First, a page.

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   Date: 3/22/11 Bookmark and Share

Notes From Abroad

Read other Notes From Abroad:

Emily Forster ’12

Christianne Beasley ’12

Laura Itzkowitz ’09

Emily Brown ’11

Conversations in Italian around the dinner table. Hanging out the laundry to dry. Getting tips about weekend travel destinations. Leda Grossman ’12 learns just as much about Italian culture from her host family as she does through her classes. She recently wrote about her second family abroad, her hosts in Firenze.

My Florentine Family

By Leda Grossman ’12

One of the most important aspects of Italian culture is family life. As a student living abroad in Florence for a year, my home stay has been a window onto the life of real Italians. Itís my favorite aspect of the Junior Year Abroad program.

My host family is amazing; they are welcoming and caring. The first day I arrived I was so nervous to ring the doorbell and meet the strangers that would become my family for a year. Now, a little over half way through my year here, I can already imagine how much I will miss my Italian family after I leave.

Leda Grossman ’12 (on right) poses amid dinner conversation with her host sister in Florence, Italy.

Grossman with her host family in their Florence home.

Living with Florentines has allowed me to form a closer connection to Italy and identify more with their culture. I have the opportunity to observe and partake in daily Italian life.

The first month living with a host family there are many adjustments. For me, there was the late dinner time and figuring out the rules and dynamics of the house.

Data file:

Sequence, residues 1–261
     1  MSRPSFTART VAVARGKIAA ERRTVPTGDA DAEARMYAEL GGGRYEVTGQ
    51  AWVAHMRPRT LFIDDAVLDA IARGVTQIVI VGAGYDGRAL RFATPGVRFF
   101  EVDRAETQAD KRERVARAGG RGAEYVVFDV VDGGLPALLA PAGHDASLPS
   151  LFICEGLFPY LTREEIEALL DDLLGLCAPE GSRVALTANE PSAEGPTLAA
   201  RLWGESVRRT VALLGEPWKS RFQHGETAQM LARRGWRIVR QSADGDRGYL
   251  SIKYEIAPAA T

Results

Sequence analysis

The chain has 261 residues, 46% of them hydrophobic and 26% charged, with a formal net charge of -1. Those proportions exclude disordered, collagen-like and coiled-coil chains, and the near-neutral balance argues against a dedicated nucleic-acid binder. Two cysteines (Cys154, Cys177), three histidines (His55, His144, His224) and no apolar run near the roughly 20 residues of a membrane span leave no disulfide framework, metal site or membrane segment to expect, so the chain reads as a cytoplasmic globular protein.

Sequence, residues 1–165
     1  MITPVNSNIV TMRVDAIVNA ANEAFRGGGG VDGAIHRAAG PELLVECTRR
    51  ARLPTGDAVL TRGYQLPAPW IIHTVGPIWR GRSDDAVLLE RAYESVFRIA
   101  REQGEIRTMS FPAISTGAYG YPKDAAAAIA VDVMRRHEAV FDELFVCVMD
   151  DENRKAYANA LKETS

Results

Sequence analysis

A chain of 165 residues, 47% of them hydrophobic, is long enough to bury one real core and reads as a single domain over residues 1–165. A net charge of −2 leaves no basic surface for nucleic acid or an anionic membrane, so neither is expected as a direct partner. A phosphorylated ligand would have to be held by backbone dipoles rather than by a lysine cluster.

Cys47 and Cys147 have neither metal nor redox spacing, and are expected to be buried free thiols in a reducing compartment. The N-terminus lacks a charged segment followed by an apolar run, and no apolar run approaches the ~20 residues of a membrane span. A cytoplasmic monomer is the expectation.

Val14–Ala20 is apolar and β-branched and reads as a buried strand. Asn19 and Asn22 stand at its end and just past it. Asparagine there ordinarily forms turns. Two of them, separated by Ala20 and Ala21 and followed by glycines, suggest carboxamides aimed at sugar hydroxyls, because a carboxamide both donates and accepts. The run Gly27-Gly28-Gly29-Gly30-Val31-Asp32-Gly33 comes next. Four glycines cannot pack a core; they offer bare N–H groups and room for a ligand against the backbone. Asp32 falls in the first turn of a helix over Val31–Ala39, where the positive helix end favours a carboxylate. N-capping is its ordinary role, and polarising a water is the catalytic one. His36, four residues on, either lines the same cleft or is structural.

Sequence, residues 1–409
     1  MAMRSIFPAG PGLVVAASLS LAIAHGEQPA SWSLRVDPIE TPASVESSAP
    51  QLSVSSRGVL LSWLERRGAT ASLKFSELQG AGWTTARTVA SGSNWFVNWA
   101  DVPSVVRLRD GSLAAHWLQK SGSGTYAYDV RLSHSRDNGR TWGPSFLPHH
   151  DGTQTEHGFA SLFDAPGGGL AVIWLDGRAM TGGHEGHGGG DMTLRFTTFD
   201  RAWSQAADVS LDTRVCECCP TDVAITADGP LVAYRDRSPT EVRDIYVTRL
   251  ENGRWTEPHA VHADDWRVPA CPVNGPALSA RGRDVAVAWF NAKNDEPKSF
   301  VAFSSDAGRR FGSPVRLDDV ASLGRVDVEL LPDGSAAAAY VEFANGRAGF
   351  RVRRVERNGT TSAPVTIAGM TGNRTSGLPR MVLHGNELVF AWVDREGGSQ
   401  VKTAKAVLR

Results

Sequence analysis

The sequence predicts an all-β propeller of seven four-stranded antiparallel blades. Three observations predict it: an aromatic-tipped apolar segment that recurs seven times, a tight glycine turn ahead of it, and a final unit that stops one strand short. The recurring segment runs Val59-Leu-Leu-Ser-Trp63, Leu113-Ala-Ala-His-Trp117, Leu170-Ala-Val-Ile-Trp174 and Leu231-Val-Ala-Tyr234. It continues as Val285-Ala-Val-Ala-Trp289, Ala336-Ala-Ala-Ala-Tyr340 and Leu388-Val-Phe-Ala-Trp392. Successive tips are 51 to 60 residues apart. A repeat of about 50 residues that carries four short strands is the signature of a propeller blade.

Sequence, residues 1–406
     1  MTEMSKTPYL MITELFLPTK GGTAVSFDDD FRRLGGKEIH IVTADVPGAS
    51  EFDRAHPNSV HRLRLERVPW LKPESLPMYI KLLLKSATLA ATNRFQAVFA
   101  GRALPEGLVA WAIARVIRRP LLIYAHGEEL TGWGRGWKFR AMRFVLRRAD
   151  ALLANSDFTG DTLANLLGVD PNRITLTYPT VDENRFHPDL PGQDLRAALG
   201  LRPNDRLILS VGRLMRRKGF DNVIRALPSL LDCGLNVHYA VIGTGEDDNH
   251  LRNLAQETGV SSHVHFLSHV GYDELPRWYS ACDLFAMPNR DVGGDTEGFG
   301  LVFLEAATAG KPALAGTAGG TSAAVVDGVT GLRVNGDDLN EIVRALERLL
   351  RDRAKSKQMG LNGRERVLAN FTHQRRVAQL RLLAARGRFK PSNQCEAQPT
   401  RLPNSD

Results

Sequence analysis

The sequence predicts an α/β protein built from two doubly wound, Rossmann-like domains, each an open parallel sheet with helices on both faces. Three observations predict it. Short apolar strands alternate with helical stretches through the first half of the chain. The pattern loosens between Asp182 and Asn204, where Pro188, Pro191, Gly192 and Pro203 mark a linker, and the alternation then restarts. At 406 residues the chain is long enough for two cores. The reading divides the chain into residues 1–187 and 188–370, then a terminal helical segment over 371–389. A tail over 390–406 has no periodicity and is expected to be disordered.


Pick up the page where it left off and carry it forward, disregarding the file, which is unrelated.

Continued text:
At dinner I laugh with my host sister or have interesting conversations with my host dad about traveling. It is really nice knowing that at the end of every day I have a delicious meal waiting for me. We all catch up and talk about our days.

Another adjustment to Italy was getting used to the lack of clothes dryers. People hang their clothes out in the air to dry. This method is more environmentally friendly, however very dependent on the weather.

One sunny morning I hung my laundry out before walking to school. Around lunchtime my friends commented that it was pouring outside. I immediately thought of my laundry and hoped it wouldnít get ruined. Later that afternoon, when I returned home, I found my clothes dry and waiting for me in my room! My host sister and brother were home and brought in everyoneís laundry.

My host family is very accommodating. Every time I travel for the weekend they offer advice about my destination or lend me a guidebook. They even lent me an old coat of my host sisterís for when I travel to windy, cold places.

Whenever I have something to complain about I can go to my host mom and she offers a solution. In December I got sick and had a fever. Before bed my host parents had told me to wake them if I didnít feel well or I needed anything. In the middle of the night I woke up and tried to find the aspirin in the medicine cabinet without success. I felt bad disturbing my host mom to ask for the medicine, but thankfully she didnít mind and found the medicine right away. She even made me a hot drink and took my temperature before returning to bed. It was so nice having a mother to comfort me at a time when I really wanted to be home where everything is familiar.

Iím so appreciative of my host family and how generous they are. Living with a host family is an irreplaceable experience; you learn more vocabulary than you would ever learn in a classroom and you see the daily life of your host country.


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